JimPinto.com - Connections for Growth & Success™
No. 49 : June 29, 2001

Business, marketing & futures commentary.
New attitudes, no platitudes.
Stay e-tuned....


  • Yurko & Invensys - re-arranging the deck chairs
  • GE/Honeywell re-negotiation ploy
  • Mass Victimization on the Internet
  • Mini-plants in mobile containers
  • eFeedback
    • Thoughts on Siemens buying Rockwell or Honeywell
    • Empathy for the good Honeywell people being jerked around
    • Reminiscing on corporate sins that finally catch up

With a spate of industrial automation news, this remains our key focus again this week. Technology-trends aficionados please bear with us.

Yurko & Invensys - Re-arranging the deck chairs

Allen Yurko, CEO of Invensys, is a financially driven manager who came from a Siebe acquisition (Robertshaw) and soon became CEO of the UK-based industrial conglomerate.

Siebe acquired then ailing Foxboro and seemed to revive it through good management discipline. But Foxboro didn't grow and Siebe continued to acquire aggressively. In a defensive move to stave off acquisition by Emerson, Yurko merged Siebe with BTR (a similar UK hodge-podge) and changed the name to Invensys. The cute name didn't seem to make a difference - the decline continued. Yurko then unwisely acquired Baan, a bankrupt Dutch software company, compounding his problems.

A couple of years ago, Allen Yurko seemed dynamic and street-smart, the driving force behind the formation of Invensys. But recently he has become defensive, erratic and remote. His moves signal increasing desperation at his inability to generate the growth and success he had promised.

This past weekend he and other senior executives have agreed to pay freezes, even after sharp cuts last year. You will note that Allen Yurko still gets paid $1.2m, and Kathleen O'Donovan (CFO) gets about $700K.

Click Read this Financial Times article : Invensys Pay Freeze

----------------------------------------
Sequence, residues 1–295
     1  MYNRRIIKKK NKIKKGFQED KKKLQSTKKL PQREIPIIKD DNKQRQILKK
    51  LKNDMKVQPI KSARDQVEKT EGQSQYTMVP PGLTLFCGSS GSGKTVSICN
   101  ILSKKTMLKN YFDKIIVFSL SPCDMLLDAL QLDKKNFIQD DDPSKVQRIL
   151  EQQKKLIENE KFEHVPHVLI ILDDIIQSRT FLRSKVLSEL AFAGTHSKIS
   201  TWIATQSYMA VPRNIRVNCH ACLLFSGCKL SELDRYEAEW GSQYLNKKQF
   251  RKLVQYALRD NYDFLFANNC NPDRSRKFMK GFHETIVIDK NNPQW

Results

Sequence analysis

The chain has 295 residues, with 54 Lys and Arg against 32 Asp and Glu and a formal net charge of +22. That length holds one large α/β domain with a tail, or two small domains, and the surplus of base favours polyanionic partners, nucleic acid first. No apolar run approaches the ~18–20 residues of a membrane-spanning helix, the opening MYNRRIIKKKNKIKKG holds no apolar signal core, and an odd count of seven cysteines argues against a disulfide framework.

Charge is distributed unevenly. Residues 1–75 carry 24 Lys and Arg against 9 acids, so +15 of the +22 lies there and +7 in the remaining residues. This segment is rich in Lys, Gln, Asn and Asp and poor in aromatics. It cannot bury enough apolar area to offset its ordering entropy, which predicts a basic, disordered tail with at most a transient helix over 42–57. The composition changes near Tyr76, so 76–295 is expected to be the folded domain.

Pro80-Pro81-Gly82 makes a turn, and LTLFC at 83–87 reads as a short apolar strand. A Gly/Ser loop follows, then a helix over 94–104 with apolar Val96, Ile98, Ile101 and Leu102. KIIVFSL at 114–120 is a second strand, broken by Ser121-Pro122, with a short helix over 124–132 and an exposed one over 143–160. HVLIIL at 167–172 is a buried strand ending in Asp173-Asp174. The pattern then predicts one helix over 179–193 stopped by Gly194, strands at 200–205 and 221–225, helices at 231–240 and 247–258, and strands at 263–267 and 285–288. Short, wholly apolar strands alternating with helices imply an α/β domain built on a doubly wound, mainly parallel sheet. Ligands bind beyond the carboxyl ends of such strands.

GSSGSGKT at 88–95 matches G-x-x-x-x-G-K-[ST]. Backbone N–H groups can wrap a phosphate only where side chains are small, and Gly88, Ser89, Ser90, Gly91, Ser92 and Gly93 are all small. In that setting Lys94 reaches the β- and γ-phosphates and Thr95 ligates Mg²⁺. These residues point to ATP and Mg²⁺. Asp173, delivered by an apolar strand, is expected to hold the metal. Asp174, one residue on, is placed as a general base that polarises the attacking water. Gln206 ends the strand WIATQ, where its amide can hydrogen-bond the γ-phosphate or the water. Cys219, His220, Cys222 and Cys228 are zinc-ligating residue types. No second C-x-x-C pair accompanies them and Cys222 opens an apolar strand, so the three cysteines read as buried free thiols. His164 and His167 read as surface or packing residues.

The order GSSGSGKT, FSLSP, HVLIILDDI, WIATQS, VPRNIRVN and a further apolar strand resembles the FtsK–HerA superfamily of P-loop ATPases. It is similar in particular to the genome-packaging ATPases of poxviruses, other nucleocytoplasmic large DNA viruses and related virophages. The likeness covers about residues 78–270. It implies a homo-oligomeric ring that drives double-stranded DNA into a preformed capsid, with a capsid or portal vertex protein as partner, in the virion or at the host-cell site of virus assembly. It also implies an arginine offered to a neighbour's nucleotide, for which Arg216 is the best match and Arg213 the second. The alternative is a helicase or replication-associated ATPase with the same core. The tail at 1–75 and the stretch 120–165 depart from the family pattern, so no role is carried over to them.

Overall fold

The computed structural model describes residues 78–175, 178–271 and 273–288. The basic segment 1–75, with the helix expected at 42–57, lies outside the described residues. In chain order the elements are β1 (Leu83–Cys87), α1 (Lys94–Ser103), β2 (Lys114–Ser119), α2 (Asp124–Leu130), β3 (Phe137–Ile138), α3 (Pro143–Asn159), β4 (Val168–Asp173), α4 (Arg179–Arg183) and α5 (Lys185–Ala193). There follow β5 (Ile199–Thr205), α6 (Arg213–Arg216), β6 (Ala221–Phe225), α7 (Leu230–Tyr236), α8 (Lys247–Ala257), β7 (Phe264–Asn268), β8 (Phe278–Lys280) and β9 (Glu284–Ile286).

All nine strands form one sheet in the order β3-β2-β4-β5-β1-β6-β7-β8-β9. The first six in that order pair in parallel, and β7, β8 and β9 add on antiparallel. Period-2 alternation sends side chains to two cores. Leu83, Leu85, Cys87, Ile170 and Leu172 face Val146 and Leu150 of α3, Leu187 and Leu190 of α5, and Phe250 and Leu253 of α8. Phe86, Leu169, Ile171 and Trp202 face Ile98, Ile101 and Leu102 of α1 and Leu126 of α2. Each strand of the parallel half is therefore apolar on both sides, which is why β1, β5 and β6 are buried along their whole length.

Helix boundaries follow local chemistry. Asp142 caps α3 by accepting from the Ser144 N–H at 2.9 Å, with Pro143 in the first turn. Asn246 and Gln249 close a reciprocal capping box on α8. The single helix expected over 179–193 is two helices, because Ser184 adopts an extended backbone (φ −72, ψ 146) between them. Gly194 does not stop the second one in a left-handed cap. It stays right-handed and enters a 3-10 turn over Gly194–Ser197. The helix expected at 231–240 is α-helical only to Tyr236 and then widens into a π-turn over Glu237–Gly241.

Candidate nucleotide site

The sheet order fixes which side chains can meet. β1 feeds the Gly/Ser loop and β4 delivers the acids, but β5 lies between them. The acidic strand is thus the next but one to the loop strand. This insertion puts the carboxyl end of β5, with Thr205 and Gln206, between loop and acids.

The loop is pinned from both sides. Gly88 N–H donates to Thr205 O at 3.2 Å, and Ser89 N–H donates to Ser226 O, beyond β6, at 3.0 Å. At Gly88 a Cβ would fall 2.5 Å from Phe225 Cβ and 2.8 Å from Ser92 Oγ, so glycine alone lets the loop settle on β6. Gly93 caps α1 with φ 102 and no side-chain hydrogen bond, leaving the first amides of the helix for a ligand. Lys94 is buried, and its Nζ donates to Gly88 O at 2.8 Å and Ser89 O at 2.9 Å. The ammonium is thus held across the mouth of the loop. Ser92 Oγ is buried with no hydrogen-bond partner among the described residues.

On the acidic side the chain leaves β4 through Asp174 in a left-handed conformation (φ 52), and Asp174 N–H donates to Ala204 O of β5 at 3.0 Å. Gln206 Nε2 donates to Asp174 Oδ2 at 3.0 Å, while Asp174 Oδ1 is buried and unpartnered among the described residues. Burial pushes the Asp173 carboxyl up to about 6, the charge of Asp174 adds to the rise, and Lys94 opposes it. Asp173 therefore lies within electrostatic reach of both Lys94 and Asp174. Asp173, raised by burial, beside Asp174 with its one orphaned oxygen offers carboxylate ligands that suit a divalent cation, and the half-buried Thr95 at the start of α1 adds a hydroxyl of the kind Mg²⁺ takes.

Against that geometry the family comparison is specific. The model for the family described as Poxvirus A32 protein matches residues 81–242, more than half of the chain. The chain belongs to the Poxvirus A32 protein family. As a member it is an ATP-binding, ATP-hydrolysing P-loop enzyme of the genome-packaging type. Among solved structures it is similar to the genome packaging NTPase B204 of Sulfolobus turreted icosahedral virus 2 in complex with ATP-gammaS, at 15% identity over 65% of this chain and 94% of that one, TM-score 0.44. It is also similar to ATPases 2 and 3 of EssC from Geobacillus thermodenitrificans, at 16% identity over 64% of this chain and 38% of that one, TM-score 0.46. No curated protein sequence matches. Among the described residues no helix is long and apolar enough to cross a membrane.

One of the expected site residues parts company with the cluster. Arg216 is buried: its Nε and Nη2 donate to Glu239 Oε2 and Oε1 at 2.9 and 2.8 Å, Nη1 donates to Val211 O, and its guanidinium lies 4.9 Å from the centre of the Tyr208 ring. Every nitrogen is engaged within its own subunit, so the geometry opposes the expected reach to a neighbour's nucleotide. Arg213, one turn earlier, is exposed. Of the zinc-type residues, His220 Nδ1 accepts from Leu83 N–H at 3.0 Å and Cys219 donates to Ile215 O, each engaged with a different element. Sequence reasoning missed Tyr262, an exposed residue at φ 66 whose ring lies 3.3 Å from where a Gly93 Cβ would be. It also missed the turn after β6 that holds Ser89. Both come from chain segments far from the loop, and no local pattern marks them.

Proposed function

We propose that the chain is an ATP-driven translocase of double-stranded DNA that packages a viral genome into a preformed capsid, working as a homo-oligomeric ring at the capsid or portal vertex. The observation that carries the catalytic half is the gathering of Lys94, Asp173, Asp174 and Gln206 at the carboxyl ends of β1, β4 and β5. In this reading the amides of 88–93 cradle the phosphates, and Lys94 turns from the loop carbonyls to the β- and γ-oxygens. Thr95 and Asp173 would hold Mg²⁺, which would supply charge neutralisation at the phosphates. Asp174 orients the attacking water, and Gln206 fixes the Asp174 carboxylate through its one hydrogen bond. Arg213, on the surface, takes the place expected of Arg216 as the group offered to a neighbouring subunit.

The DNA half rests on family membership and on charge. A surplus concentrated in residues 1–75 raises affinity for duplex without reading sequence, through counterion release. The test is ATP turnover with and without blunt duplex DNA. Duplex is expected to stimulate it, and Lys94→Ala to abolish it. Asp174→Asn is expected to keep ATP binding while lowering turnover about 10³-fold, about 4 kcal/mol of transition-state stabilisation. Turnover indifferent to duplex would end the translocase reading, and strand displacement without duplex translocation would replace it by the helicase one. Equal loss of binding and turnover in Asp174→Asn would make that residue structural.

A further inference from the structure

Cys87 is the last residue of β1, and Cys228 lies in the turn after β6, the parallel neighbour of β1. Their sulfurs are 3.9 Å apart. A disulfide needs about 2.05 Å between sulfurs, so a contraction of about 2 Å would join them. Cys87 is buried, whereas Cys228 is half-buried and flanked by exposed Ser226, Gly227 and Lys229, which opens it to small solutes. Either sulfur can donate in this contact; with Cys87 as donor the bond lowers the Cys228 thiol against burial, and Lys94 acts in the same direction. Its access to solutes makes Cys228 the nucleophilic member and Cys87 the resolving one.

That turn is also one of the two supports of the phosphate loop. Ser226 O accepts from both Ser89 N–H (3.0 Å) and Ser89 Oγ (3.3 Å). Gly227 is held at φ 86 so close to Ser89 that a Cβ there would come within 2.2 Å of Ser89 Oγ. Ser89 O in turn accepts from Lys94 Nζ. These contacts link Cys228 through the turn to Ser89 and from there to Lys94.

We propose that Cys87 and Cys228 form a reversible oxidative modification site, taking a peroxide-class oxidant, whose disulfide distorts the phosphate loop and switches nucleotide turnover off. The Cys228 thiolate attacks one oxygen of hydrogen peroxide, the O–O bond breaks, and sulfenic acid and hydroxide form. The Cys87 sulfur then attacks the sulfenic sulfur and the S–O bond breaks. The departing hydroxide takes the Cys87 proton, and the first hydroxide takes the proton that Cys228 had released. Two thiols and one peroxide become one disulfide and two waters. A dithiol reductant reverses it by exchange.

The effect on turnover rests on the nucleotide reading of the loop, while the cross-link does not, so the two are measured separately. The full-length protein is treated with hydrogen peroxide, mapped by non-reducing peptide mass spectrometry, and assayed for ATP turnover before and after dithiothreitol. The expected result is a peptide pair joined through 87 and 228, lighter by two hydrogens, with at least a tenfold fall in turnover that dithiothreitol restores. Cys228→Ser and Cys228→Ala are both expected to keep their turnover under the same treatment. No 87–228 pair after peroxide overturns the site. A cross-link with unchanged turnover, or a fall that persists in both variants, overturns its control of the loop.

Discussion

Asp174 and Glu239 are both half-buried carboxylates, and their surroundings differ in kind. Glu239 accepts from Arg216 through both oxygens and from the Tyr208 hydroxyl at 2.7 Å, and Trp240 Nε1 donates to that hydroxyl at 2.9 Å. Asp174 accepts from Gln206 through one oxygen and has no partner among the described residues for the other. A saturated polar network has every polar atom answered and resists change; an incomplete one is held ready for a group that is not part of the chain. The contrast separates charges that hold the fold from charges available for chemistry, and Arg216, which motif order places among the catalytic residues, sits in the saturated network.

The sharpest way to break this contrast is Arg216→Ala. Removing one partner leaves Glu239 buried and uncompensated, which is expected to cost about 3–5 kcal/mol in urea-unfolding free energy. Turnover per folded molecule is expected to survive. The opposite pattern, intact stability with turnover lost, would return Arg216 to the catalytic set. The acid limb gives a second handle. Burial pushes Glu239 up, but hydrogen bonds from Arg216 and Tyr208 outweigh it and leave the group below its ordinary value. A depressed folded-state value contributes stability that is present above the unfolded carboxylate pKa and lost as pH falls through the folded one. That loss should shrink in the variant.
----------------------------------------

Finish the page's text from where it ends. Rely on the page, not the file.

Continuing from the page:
This week, in a communication to all Invensys employees signed personally by Allen Yurko, a new "PROJECT UNITY" was announced.

  • Rollout of Baan software globally as a common IT platform. Installation of Baan at most Invensys sites to generate additional Baan revenue.
    (Read: Buy Baan, or else).
  • Outsourcing of IT internal systems (including hardware and software) and transfer of current IT employees to IBM through a "strategic outsourcing arrangement".(Read: layoffs) to take place in "autumn 2001".
    (Read: right away).
  • Through an outside consultant, assessment and re-design of Finance and Human Resources administrative processes.
    (Read: more layoffs in Finance & HR).
  • Implementation of an e-procurement system for MRO and indirect purchasing.
    (Read: more layoffs in Purchasing).
Pinto Prognostications
During the growth period in the 90's, financial managers helped organize good financial results by cutting out inefficiencies and waste. It was reported that, when Siebe acquired Foxboro, there were 10-15 gardeners employed at the Foxboro HQ - it didn't take a genius to outsource that stupidity. Lots of other bloated expenditures (e.g. free and frequent travel to Europe with "associates") were quickly cut.

But, "cutting" and "building" are two different talents, and few people are smart enough or adaptable enough to change their MO. Allen Yurko is a cutter, not a builder. He doesn't recognize the golden ethos, experience and expertise that Foxboro and other major companies within Invensys will lose through this new "PROJECT UNITY" program. (I>(Which marketing idiot came up with that name??)

Only new growth can save Invensys & Baan. Cutting overhead does not generate new revenue. Pushing Baan to subsidiaries makes most observers and analysts chuckle, and does not really generate any meaningful revenue. What margins will those bookings generate??

Out-sourcing IT to a friendly dinosaur saves money short-term, but will throw a lot of valuable inherited expertise out with the bathwater. With NO new revenue.

Asking Deloitte & Touche, the management-consulting firm, to change Finance & HR processes will cause yet more valuable people-resources to be flushed down the drain. Again, short-term savings, with NO new revenue.

One wonders whether Yurko takes advice. If so, from who?